*LBN-COMMENTARY by Thomas L. Friedman: At the end of this banner stock market year, you can bet that major business publications will be naming their investor of the year. You can stop now. I have the winner, and nobody is even close when it comes to his total return on investment: Vladimir Putin, the Russian president. A recent report in The Washington Post, quoting intelligence sources, said Putin may have spent less than $500,000 to hack our last election and help (though Hillary helped much more) Donald Trump become president. And Putin’s payoff is Trump’s first year: a president who is simultaneously eroding some of our most basic norms, undermining some of our most cherished institutions and enacting a mammoth tax bill that will not make America great again. If you assume, as I do, that Putin wants to see an America that is not an attractive model for his own people or others to emulate, and that he wants an America run by a chaos president who cannot lead the West, then Trump is his dream come true, whether or not there was any collusion between them. So Vladimir Putin, come on up! You’re my Investor of the Year. You’re the Warren Buffett of geopolitics.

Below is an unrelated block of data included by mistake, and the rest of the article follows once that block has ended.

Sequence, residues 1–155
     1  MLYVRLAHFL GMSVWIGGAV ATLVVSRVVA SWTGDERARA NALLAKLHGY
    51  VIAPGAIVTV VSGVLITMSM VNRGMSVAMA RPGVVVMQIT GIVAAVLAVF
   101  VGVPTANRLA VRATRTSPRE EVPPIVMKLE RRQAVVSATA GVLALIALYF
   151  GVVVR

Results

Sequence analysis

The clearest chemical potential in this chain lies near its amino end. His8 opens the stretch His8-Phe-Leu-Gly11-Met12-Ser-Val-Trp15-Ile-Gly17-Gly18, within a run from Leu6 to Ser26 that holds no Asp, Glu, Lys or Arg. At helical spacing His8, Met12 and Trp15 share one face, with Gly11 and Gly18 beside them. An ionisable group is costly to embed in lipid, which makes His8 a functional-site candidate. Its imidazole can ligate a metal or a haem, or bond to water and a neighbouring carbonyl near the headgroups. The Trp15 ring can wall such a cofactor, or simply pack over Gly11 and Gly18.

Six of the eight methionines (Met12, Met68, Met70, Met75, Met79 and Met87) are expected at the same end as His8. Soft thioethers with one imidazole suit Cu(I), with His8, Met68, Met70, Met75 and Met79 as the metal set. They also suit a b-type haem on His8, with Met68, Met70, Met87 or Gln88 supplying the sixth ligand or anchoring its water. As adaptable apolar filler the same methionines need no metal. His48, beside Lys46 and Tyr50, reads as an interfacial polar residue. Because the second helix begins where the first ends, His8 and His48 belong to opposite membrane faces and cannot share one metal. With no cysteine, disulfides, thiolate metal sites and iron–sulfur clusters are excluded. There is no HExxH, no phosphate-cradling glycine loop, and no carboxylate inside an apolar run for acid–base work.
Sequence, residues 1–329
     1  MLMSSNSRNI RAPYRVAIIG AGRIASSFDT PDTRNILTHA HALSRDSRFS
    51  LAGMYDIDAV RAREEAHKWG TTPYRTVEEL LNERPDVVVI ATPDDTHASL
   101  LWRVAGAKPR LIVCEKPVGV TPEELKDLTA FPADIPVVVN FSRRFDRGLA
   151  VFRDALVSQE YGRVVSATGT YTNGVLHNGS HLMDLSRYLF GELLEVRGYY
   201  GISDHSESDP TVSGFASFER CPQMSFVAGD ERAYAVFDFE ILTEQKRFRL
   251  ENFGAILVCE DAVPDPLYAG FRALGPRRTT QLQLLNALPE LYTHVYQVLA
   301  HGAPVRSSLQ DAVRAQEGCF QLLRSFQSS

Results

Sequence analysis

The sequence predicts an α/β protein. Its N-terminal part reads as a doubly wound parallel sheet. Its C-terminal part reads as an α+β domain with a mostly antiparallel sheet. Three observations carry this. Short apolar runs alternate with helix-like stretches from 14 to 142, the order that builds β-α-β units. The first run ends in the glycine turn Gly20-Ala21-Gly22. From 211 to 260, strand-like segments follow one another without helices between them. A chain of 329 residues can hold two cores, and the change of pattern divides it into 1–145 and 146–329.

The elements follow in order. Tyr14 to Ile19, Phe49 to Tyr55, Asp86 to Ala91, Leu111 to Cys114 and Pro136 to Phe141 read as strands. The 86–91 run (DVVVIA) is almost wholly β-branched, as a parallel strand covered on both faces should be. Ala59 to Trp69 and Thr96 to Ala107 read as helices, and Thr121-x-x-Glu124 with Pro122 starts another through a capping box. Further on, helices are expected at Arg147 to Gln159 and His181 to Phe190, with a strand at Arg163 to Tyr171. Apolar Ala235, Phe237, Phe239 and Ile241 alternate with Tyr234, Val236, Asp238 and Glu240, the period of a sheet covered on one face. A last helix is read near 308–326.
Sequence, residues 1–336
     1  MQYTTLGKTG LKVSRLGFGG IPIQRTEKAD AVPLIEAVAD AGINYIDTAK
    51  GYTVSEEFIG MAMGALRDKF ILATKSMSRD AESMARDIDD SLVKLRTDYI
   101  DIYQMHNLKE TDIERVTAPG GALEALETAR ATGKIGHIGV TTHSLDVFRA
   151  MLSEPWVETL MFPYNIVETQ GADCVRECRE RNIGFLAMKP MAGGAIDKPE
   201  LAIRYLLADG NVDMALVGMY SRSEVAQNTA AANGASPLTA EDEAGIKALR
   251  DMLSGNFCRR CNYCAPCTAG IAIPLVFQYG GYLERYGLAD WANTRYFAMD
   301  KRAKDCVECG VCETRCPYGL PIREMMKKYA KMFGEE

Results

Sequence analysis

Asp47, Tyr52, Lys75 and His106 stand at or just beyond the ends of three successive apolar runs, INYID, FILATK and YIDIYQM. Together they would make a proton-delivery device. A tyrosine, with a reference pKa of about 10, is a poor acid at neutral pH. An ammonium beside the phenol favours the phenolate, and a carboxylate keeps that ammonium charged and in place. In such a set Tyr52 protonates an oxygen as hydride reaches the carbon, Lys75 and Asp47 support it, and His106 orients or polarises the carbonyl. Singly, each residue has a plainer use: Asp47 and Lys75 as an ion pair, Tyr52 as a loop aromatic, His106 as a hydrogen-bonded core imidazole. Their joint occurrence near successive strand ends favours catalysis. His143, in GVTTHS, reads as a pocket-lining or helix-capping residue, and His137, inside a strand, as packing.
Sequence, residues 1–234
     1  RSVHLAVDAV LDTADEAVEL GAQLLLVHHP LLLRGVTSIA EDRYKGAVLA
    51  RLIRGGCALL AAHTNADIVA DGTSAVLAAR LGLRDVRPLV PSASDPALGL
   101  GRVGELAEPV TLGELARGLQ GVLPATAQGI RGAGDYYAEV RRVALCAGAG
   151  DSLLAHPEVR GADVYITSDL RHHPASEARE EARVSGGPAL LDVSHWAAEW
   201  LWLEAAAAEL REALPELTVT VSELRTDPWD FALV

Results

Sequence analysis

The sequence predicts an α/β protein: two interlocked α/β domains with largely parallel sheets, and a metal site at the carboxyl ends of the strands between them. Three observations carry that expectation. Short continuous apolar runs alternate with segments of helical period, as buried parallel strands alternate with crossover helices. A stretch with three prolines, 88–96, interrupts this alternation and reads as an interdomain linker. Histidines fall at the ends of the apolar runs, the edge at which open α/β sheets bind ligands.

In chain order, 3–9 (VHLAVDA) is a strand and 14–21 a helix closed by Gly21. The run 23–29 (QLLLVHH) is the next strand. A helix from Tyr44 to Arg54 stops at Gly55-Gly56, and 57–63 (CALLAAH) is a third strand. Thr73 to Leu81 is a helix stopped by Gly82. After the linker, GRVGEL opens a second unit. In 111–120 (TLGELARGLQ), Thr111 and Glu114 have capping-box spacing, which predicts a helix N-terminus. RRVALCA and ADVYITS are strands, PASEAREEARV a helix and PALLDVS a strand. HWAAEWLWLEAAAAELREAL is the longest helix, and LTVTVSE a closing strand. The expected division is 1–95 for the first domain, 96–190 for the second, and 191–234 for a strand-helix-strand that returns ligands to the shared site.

*LBN-COMMENTARY by Rex Reed (Film critic): Here I am again, out on a limb with a saw in my hand. I’ve been here before, but never have I disagreed with quite so many colleagues (including a few I actually respect) about the same movie. But as the year draws to a close, I remain aghast at the way critics have not only embraced but slobbered over The Shape of Water. This horror film masquerading as a fairy tale is about a mute woman who cleans toilets, scrubs floors and falls in love with a monster from beneath the sea. The pathetic girl is played by the wonderful British actress Sally Hawkins, who specializes in defective creatures herself. Earlier in 2017, in the far superior Maudie, she was quiet, somber, plain as limburger and physically crippled as a folk artist who triumphed over adversity.